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A system of rules aimed at creating and preserving market competition is known as competition law. Competition law is a branch of law that prohibits businesses from engaging in anti-competitive acts and practices in order to promote and preserve market competition. In today’s dynamic market, the level of rivalry is intensified by the presence of numerous large players in practically all industries. If companies wish to be relevant in the market for the long term, they must deliver a high level of quality in their products. To maximise profits, businesses often engage in anti-competitive behaviour. The Competition Law prohibits such businesses from adopting any kind of anti-competitive practices.


Section 3 of the Competition Act, 2002 (hereinafter referred to as “Act”) defines Anti-competitive Agreements as Agreements that directly or indirectly cause an appreciable adverse effect on competition by way of creating barriers to entry or driving out existing competitors etc. out of the market. According to Section 3(1) of the Act, “no enterprise or association of enterprises or person or association of persons shall enter into any agreement in respect of production, supply, distribution, storage, acquisition or control of goods or provision of services, which causes or is likely to cause an appreciable adverse effect on competition within India.”

Cartels are the most serious of all competition law violations, and they are the most common entity in marketplaces for consumer goods, commodities, and services that are required by other sectors of the economy.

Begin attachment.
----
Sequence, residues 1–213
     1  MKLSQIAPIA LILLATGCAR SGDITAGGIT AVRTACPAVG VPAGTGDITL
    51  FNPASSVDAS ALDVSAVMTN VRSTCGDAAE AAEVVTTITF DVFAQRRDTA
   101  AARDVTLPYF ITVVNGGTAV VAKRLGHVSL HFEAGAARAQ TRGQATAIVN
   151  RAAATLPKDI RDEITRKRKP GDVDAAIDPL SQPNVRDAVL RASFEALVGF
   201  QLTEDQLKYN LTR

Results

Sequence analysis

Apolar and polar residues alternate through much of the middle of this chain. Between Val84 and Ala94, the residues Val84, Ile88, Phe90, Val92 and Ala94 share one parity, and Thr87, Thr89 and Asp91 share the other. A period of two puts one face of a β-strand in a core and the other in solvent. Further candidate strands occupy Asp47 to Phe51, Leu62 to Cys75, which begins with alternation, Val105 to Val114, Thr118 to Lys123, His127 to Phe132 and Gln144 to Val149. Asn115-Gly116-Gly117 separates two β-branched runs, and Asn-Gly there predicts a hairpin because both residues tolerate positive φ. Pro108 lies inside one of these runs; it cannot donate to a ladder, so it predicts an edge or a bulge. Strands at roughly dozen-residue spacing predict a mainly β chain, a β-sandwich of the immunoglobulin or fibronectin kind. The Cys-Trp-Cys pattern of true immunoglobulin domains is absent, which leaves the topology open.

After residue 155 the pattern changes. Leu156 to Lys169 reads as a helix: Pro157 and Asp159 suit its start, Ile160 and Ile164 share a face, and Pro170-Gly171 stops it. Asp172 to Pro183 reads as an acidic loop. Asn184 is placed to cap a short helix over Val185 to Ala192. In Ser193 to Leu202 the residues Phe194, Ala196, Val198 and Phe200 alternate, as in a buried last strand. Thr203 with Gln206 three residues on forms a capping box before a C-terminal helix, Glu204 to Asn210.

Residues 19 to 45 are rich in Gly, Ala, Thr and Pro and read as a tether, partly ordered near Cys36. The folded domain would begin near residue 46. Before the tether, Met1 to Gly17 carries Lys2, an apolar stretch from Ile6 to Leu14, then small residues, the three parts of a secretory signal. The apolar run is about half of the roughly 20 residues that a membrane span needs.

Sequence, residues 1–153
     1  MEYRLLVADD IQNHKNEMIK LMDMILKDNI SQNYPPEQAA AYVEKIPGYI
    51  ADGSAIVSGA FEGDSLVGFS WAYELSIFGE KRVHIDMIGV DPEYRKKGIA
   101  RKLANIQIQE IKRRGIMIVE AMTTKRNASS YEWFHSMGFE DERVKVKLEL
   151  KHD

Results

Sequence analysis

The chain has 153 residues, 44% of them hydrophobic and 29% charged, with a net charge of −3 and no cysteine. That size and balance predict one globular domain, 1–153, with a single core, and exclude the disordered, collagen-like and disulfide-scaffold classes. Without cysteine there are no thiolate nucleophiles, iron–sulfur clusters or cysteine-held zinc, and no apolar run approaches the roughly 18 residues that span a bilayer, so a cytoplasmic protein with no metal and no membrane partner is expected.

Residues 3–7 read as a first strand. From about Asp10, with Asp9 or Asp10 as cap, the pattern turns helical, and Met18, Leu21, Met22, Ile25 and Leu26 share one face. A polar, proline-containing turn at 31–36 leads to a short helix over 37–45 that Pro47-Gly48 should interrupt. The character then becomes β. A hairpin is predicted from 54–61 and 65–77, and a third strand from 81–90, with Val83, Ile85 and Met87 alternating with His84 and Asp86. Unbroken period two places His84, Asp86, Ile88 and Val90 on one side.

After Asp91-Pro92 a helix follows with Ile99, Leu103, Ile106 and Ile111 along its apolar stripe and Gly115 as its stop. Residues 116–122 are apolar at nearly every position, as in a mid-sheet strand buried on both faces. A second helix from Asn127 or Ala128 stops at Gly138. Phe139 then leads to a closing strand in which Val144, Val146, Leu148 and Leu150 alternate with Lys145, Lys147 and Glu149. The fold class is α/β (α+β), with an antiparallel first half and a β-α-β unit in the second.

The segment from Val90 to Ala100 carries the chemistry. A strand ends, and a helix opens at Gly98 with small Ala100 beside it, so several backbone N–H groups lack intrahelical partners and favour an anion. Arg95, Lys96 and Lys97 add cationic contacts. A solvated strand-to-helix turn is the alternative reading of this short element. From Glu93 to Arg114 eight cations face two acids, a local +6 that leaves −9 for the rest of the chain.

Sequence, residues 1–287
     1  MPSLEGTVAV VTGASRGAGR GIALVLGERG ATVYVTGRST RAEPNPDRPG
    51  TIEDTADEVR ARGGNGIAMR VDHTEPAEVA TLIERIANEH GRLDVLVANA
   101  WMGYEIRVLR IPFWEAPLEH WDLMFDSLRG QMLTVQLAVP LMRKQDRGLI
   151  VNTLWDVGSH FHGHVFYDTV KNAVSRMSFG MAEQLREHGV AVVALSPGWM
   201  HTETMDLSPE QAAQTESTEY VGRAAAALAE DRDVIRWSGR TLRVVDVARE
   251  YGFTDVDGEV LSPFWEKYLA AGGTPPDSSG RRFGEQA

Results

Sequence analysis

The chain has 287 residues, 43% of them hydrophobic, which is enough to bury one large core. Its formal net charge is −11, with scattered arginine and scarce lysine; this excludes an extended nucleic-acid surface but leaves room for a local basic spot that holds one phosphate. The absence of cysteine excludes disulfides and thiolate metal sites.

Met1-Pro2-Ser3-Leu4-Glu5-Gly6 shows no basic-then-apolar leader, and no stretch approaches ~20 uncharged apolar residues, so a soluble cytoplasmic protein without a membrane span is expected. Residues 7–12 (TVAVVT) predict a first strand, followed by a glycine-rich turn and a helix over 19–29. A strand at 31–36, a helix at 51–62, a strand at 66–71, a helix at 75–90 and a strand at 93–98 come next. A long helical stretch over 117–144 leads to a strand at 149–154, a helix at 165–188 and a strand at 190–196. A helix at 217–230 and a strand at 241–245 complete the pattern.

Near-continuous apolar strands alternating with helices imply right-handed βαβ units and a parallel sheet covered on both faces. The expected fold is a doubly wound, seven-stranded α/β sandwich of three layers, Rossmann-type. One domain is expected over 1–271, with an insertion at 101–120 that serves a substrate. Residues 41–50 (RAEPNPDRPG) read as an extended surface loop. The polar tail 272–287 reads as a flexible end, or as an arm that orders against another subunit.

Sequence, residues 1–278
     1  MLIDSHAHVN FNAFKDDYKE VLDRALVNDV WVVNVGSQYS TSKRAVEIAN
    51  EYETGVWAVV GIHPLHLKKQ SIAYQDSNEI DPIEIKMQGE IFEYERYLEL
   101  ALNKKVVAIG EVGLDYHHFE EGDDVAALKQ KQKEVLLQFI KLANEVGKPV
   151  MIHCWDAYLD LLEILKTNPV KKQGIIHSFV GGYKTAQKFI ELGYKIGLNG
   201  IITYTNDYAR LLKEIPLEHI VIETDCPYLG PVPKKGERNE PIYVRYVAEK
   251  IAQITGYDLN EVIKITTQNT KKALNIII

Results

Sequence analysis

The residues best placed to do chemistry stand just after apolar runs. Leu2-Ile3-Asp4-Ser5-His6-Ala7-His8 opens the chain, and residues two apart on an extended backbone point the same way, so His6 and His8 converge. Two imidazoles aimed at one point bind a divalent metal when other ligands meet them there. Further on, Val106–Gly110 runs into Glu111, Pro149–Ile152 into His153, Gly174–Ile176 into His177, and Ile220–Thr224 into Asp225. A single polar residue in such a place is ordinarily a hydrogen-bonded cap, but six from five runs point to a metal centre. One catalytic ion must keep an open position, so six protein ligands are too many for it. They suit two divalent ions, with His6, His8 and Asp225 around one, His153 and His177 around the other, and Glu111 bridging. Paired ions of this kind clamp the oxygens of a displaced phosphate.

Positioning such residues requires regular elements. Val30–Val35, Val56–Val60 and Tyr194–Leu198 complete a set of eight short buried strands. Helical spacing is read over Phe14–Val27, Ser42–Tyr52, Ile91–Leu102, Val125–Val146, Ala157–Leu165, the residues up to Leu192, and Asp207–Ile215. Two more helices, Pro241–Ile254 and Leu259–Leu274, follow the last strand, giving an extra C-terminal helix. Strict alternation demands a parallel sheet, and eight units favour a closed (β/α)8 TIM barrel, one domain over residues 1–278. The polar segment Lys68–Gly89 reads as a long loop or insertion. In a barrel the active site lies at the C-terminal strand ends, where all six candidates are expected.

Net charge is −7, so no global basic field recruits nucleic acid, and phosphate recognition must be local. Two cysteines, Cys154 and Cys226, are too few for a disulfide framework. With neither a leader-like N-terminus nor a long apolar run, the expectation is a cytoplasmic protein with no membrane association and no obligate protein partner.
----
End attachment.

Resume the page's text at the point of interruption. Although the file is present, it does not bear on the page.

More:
Price fixing is a collective agreement among market participants to raise, cut, or stabilize prices to control supply and demand. The method benefits individuals or firms involved in establishing the pricing, while end-users and small-scale businesses on the receiving end suffer as a consequence.

Consumers and small businesses suffer as a result of the practice, which is considered anti-competitive. Price fixing allows businesses to avoid market competition by lowering costs. Collaborating and setting pricing jointly rather than competing in a competitive atmosphere is easier and more beneficial for manufacturers. It reduces the pressure on businesses to maintain competitive pricing and victimizes customers. It’s worth noting that the Competition Act of 2002 makes no mention of it being prohibited for businesses to provide the same price. Only when these companies agree to set prices together does the legality question become relevant. However, it is to be noted that price-fixing is more than just an agreement to set the same price. Businesses can agree on a price fix by working together to:

  • Offer the same savings or delivery arrangements
  • Create a standard formula for price changes
  • Determine the amount of production capacity, disturbing the demand and supply

Price fixing can be of 2 types:

  • Horizontal Price Fixing: When the competitors come together and fix a price of a specific product, it is called horizontal price-fixing. For Eg: In the case of the Beer Cartelization among the top beer brands in India. (United Breweries and Carlsberg India Private Limited along with few others colluded prices to avoid losses).